Peter Lunenfeld: The Secret War Between Downloading and Uploading: Tales of the Computer as Culture Machine (2011)

29 October 2011, dusan

“The computer, writes Peter Lunenfeld, is the twenty-first century’s culture machine. It is a dream device, serving as the mode of production, the means of distribution, and the site of reception. We haven’t quite achieved the flying cars and robot butlers of futurist fantasies, but we do have a machine that can function as a typewriter and a printing press, a paintbrush and a gallery, a piano and a radio, the mail as well as the mail carrier. But, warns Lunenfeld, we should temper our celebration with caution; we are engaged in a secret war between downloading and uploading–between passive consumption and active creation–and the outcome will shape our collective futures.

In The Secret War Between Downloading and Uploading, Lunenfeld makes his case for using digital technologies to shift us from a consumption to a production model. He describes television as “the high fructose corn syrup of the imagination” and worries that it can cause “cultural diabetes”; prescribes mindful downloading, meaningful uploading, and “info-triage” as cures; and offers tips for crafting “bespoke futures” in what he terms the era of “Web n.0″ (interconnectivity to the nth power). He also offers a stand-alone genealogy of digital visionaries, distilling a history of the culture machine that runs from the Patriarchs (Vannevar Bush’s WWII generation) to the Hustlers (Bill Gates and Steve Jobs) to the Searchers (Larry Page and Sergey Brin of Google fame). After half a century of television-conditioned consumption/downloading, Lunenfeld tells us, we now find ourselves with a vast new infrastructure for uploading. We simply need to find the will to make the best of it.”

Publisher MIT Press, 2011
ISBN 0262015471, 9780262015479
219 pages

Review: Jan Baetens (Leonardo Reviews, 2011).


PDF (updated on 2019-11-20)

Bernard Stiegler: For a New Critique of Political Economy (2010)

20 May 2011, dusan

“The catastrophic economic, social and political crisis of our time calls for a new and original critique of political economy – a rethinking of Marx’s project in the very different conditions of twenty-first century capitalism.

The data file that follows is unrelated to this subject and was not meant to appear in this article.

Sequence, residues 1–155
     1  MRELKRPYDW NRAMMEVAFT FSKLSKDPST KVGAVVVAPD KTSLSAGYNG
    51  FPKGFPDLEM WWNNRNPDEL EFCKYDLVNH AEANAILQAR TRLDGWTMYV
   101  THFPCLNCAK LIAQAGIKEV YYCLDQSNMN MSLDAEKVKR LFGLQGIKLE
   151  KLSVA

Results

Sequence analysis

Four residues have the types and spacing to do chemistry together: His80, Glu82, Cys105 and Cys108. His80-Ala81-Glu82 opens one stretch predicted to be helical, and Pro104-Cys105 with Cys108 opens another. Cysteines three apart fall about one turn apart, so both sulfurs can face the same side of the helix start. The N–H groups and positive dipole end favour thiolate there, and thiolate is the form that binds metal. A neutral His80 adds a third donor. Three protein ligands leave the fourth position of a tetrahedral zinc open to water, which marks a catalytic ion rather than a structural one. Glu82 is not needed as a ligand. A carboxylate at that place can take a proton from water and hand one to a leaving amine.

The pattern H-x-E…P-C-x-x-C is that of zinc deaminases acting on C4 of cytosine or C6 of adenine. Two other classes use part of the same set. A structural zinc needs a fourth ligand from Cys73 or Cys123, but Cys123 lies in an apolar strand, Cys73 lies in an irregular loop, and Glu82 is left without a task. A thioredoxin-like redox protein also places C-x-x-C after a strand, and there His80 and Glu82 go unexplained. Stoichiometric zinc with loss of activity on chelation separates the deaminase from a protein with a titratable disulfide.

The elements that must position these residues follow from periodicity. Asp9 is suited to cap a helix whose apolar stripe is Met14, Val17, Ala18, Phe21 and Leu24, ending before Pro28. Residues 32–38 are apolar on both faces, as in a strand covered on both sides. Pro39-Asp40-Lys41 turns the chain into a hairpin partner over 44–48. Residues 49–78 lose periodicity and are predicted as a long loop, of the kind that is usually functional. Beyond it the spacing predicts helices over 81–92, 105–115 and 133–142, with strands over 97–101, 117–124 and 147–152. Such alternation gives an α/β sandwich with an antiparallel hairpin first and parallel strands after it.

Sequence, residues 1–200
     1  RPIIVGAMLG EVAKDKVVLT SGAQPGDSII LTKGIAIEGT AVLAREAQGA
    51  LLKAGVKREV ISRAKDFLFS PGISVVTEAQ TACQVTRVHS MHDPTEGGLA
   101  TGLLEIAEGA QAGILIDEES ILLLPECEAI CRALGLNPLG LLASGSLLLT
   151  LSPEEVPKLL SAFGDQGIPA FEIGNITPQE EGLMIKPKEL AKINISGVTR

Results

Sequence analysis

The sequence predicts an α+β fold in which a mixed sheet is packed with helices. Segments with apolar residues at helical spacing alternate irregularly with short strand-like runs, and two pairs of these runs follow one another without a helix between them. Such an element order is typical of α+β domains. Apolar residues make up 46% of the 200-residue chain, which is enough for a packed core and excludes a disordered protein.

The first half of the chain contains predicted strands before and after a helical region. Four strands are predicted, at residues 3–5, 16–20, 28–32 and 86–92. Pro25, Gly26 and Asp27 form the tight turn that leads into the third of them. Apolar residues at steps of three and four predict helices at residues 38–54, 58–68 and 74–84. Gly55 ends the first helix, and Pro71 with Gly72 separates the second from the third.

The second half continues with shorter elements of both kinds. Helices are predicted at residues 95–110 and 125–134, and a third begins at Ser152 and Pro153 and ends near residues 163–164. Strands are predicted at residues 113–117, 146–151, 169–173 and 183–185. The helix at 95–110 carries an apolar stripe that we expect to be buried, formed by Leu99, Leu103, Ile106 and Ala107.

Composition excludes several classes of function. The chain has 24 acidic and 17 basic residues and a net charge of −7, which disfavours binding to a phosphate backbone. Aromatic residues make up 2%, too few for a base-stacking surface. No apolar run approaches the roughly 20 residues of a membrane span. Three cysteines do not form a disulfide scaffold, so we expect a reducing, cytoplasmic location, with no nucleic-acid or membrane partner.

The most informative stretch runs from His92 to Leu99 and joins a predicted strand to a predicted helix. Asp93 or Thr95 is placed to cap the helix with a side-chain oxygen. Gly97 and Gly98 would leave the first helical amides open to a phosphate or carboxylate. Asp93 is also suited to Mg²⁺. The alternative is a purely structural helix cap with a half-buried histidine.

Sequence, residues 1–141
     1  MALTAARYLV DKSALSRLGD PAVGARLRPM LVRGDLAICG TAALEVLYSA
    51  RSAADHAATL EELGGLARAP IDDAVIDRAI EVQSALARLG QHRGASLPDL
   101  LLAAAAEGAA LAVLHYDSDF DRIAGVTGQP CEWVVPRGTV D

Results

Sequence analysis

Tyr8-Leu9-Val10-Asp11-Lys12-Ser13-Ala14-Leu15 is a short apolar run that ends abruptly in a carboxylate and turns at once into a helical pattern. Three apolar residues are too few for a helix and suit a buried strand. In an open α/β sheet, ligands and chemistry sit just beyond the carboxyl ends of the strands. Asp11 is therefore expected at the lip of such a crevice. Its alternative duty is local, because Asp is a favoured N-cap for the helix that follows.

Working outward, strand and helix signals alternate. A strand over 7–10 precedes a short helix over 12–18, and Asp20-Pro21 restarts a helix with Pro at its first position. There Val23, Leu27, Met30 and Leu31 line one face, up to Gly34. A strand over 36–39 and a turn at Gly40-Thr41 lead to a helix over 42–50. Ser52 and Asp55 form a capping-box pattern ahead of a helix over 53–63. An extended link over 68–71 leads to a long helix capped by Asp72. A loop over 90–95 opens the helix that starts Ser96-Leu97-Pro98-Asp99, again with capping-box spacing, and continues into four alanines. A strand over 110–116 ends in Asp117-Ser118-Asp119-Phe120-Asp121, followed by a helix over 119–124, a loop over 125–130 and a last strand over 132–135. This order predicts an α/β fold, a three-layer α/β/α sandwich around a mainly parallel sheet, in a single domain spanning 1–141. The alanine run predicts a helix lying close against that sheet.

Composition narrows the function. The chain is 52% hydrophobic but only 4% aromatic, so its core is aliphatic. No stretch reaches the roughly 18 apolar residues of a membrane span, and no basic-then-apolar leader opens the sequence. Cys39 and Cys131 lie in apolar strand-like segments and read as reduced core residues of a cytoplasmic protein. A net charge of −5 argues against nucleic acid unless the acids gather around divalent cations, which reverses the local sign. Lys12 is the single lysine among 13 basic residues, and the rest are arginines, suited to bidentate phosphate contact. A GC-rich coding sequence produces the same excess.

Stiegler argues that today the proletarian must be reconceptualized as the economic agent whose knowledge and memory are confiscated by machines. This new sense of the term ‘proletarian’ is best understood by reference to Plato’s critique of exteriorized memory. By bringing together Plato and Marx, Stiegler can show how a generalized proletarianization now encompasses not only the muscular system, as Marx saw it, but also the nervous system of the so-called creative workers in the information industries. The proletarians of the former are deprived of their practical know-how, whereas the latter are shorn of their theoretical practice, and both suffer from a confiscation of the very possibility of a genuine art of living.

But the mechanisms at work in this new and accentuated form of proletarianization are the very mechanisms that may spur a reversal of the process. Such a reversal would imply a crucial distinction between one’s life work, originating in otium (leisure devoted to the techniques of the self), and the job, consisting in a negotium (the negotiation and calculation, increasingly restricted to short-term expectations), leading to the necessity of a new conception of economic value.

This short text offers an excellent introduction to Stiegler’s work while at the same time representing a political call to arms in the face of a deepening economic and social crisis.”

Publisher Polity, 2010
ISBN 0745648045, 9780745648040
100 pages


PDF (updated on 2020-8-7)

Herbert Marcuse: One-Dimensional Man: Studies in the Ideology of Advanced Industrial Society (1964–) [EN, ES, GR, TR, CZ, AL]

25 January 2010, pht

“One of the most important texts of modern times, Herbert Marcuses analysis and image of a one-dimensional man in a one-dimensional society has shaped many young radicals ways of seeing and experiencing life. Published in 1964, it fast became an ideological bible for the emergent New Left. As Douglas Kellner notes in his introduction, Marcuses greatest work was a damning indictment of contemporary Western societies, capitalist and communist. Yet it also expressed the hopes of a radical philosopher that human freedom and happiness could be greatly expanded beyond the regimented thought and behaviour prevalent in the established society. For those who held the reins of power Marcuses call to arms threatened civilization to its very core. For many others, however, it represented a freedom hitherto unimaginable.”

First edition published by Routledge & Kegan Paul, 1964
Second edition by Routledge, 1991
ISBN 9780415289764
275 pages

One-Dimensional Man (English, 2nd ed., 1964/1991, 11 MB, updated on 2016-12-23)
El Hombre unidimensional (Spanish, trans. Antonio Elorza, 1965/1993, added on 2014-6-7)
Ο μονοδιάστατος άνθρωπος (Greek, trans. Μπάμπης Λυκούδης, 1971, added on 2014-6-7)
Tek-Boyutlu Insan (Turkish, trans. Aziz Yardimli, 1986, HTML, added on 2014-6-7)
Jednorozměrný člověk (Czech, trans. Miroslav Rýdl, 1991, added on 2014-6-11)
Njeriu njëdimensional (Albanian, trans. Gaqo Karakshi, 2006, added on 2014-6-7)